As the pandemic responsiveness increasingly gives way to many chaotic situations, scammers are busy teeing up malware to take advantage of internet users’ heightened craving for information about the coronavirus.
Researchers published a threat analysis report detailing the tactic in which hackers use “coronavirus maps” to steal information of users including user names, passwords, credit card numbers and other info stored in a browser.
In a blog post, Reason Labs’ cybersecurity researcher Shai Alfasi revealed that he found and analyzed how this malware weaponized coronavirus map apps in order to swipe credentials and other stored sensitive data. “Attackers can use this information for many other operations as well, such as selling it on the deep web or for gaining access to bank accounts or social media.”
The new malware activates a strain of malicious software known as AZORult, an information-stealer first discovered in 2016, which appropriates browsing history, cookies, ID and passwords, cryptocurrency and more. Attackers can then use this information for many other operations as well, such as selling it on the deep web or for gaining access to financial accounts or social media. Alfasi added it can also download additional malware onto infected machines.
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Alfasi also described an AZORult variant, commonly offered on Russian underground forums for gathering sensitive information from infected computers, that generates a new, concealed administrator account on the infested machine in order to allow remote desktop protocol connections.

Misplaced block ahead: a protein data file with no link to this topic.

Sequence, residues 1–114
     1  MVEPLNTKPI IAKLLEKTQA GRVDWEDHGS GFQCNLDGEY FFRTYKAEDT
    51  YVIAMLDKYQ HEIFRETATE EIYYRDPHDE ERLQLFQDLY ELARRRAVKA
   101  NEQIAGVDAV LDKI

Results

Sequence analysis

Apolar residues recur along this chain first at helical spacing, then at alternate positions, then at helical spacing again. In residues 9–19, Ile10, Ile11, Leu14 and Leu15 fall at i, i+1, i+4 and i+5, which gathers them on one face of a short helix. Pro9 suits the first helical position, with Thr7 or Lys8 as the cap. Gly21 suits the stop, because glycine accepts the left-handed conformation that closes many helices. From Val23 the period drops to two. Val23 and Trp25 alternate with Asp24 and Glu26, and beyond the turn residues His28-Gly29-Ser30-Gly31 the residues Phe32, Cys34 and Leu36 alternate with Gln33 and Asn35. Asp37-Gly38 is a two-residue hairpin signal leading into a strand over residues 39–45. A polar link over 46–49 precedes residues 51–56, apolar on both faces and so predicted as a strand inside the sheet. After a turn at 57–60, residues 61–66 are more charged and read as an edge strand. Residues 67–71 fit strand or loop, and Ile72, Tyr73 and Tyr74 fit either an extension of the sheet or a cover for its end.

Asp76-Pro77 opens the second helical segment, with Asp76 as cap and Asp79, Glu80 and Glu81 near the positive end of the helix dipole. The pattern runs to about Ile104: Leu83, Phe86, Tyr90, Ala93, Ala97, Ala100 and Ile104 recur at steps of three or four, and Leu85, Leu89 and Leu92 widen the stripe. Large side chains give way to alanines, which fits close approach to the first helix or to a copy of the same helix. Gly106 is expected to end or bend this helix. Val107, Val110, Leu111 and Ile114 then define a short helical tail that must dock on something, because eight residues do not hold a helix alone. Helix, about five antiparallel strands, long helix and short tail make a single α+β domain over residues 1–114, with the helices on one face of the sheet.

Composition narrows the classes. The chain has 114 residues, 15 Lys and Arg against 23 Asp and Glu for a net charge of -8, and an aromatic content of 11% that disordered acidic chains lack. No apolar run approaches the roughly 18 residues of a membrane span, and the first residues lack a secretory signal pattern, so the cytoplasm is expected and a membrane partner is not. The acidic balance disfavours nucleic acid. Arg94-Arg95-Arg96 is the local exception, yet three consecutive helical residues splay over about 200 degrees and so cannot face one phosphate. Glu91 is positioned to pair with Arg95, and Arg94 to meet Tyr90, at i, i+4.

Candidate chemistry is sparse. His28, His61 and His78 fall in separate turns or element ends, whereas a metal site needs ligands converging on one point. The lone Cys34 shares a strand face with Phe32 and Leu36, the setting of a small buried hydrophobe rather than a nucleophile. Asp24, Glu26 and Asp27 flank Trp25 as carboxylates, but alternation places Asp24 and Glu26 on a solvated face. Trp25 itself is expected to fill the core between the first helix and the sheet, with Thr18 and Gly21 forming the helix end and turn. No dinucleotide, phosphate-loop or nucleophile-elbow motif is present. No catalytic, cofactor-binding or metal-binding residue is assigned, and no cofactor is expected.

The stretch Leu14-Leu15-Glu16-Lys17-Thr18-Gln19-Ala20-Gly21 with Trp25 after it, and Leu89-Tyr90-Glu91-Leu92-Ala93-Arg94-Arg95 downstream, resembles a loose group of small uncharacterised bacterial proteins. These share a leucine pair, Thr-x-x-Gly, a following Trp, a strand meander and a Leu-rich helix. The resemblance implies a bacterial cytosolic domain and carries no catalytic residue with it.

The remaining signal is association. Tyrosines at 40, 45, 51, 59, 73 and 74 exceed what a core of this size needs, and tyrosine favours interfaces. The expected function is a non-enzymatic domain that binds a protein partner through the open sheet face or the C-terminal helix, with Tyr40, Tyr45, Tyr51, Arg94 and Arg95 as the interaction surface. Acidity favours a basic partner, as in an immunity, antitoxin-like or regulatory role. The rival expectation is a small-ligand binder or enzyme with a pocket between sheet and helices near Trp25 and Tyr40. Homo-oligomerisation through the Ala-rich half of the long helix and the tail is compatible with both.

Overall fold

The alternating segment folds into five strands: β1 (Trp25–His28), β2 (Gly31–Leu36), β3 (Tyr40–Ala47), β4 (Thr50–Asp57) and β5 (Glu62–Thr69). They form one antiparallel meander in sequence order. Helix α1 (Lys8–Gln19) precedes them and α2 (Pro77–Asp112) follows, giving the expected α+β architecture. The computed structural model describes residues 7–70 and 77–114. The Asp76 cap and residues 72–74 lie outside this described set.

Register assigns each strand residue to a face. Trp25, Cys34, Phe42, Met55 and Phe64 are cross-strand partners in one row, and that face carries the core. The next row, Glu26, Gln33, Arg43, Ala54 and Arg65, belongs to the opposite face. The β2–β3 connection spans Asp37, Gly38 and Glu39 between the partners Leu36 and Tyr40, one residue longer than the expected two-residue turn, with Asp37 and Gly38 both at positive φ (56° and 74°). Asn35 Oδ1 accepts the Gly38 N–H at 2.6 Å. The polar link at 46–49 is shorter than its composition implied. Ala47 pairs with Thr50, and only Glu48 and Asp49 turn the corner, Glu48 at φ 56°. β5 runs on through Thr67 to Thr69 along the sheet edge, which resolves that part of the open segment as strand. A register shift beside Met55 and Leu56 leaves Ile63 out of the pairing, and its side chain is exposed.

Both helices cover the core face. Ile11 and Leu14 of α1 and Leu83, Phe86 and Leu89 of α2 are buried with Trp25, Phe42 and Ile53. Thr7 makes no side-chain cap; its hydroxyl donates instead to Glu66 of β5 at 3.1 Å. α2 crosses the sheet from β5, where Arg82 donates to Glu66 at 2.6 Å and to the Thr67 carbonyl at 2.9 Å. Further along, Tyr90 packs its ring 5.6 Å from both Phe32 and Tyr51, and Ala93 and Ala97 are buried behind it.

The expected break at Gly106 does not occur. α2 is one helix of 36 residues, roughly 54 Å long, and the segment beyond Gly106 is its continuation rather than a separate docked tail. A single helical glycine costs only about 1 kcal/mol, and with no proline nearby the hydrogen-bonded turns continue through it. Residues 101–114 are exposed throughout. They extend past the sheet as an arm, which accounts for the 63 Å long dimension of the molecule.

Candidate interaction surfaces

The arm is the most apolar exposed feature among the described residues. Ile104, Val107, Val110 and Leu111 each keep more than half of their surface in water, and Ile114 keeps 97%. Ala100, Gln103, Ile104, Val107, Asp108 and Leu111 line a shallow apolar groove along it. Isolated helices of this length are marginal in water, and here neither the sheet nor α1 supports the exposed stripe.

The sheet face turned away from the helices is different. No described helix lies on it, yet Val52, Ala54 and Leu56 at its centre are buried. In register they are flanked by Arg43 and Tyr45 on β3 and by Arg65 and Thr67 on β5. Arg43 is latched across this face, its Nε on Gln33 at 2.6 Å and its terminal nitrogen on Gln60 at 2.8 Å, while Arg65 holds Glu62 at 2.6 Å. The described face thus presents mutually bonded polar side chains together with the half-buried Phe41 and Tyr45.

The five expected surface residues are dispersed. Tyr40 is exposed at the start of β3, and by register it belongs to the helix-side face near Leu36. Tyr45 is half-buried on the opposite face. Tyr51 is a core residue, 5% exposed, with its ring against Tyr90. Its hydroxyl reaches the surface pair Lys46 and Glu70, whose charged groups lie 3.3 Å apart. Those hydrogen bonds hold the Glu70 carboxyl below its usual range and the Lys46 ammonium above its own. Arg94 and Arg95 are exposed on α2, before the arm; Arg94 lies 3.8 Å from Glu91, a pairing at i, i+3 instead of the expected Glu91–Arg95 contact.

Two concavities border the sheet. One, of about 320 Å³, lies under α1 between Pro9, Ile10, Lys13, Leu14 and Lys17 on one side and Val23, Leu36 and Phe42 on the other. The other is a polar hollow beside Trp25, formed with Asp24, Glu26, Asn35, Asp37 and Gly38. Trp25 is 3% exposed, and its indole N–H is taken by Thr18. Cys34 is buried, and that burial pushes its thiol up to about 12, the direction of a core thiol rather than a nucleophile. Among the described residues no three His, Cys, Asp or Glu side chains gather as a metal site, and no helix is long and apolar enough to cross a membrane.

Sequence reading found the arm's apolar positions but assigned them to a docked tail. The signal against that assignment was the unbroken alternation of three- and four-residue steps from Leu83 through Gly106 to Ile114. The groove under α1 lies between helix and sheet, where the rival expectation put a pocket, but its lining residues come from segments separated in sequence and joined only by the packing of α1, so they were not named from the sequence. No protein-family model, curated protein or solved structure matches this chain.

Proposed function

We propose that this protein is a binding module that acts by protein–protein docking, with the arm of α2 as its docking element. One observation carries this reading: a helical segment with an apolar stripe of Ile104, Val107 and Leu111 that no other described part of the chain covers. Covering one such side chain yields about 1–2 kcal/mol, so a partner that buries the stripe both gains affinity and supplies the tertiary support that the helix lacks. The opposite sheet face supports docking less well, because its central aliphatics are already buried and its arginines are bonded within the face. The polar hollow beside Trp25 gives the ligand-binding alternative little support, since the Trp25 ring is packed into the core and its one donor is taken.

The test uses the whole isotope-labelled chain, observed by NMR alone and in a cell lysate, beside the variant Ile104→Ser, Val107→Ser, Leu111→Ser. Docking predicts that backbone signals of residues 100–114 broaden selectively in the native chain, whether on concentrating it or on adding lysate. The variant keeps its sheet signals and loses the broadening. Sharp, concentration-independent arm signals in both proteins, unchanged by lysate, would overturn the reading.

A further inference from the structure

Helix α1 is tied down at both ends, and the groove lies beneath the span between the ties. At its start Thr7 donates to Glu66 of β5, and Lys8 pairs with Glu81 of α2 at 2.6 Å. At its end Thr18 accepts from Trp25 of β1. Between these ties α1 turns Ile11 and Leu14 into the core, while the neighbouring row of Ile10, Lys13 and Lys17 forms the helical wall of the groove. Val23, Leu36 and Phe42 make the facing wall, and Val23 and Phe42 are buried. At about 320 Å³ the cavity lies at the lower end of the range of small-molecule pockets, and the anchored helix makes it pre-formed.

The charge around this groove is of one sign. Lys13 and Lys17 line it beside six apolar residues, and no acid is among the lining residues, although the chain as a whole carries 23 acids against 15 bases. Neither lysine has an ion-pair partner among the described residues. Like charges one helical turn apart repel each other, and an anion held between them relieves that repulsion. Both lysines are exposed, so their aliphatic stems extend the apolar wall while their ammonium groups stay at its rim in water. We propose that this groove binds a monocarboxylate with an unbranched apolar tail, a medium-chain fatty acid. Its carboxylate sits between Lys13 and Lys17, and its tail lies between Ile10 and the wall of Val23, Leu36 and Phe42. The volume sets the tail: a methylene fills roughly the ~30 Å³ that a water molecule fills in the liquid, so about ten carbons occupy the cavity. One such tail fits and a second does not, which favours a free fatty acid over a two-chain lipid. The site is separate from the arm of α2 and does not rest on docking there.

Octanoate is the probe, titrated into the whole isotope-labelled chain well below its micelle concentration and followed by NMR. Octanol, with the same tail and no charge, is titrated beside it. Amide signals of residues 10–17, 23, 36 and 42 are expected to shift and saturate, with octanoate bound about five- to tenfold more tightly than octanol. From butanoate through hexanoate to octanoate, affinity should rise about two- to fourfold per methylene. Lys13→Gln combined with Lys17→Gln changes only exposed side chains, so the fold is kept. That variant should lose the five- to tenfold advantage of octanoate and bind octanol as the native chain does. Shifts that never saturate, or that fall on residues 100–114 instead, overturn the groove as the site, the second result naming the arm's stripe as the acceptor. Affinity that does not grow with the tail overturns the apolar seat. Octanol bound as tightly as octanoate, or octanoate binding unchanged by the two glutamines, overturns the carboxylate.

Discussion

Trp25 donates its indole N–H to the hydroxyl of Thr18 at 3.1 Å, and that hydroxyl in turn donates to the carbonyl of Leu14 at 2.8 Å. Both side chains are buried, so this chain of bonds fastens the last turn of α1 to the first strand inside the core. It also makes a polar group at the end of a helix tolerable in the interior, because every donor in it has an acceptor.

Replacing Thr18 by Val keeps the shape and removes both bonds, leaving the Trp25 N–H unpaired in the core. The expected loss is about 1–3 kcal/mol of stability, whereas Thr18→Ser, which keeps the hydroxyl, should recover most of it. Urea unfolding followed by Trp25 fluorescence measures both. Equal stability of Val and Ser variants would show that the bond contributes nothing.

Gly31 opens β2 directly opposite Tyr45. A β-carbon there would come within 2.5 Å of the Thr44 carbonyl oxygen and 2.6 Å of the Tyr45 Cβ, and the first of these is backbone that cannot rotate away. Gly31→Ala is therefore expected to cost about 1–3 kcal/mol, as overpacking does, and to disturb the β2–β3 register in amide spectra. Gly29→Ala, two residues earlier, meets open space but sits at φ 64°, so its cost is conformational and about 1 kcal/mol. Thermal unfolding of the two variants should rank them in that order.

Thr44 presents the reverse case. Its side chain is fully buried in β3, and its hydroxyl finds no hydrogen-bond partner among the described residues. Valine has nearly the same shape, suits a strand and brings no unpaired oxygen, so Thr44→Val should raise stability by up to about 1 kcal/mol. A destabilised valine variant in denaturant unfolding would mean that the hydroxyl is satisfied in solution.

“The (coronavirus) is going to impact a lot of organizations through cybercrime, as well as more general economic loss. People not used to working from home are more likely to have their guard down and will naturally be attracted to phishing sites such as this infection map,” Colin Bastable, CEO of security awareness training company Lucy Security, said. Bastable noted while security teams focus on technology, bad actors focus on hacking people’s emotional responses with social engineering techniques closely aligned to marketing methods.
Additional employees working from home during this crisis also present more risks, Bastable conveyed. “Remote workers may inadvertently introduce major threats as a result of the disruptions from the virus outbreak. Patching people through heightened security awareness training will address up to 97% of the risk from cybercrime during this period of enhanced risk. We should anticipate major losses from CEO fraud, ransomware attacks and credential harvesting over the next few months.”
Chris Rothe, co-founder and chief product officer at security operations company Red Canary, also commented: “In general, attackers are looking for a vulnerability to deliver their attack. In this case, people’s fear over the virus is the vulnerability attackers will look to capitalize on.” Rothe pointed out if an individual is concerned or stressed about the virus they are less likely to remember their security training and more likely, for example, to click a link in a phishing email or give their credentials to a malicious website.
“Users are the weak link in every security program,” Rothe emphasized. Because a situation like the coronavirus amplifies that weakness, business leaders should remind their employees of their security training and call out the fact that attackers will use coronavirus as an opportunity. “Social engineering is all about leveraging the emotions of the target and fear is arguably the most powerful human emotion.”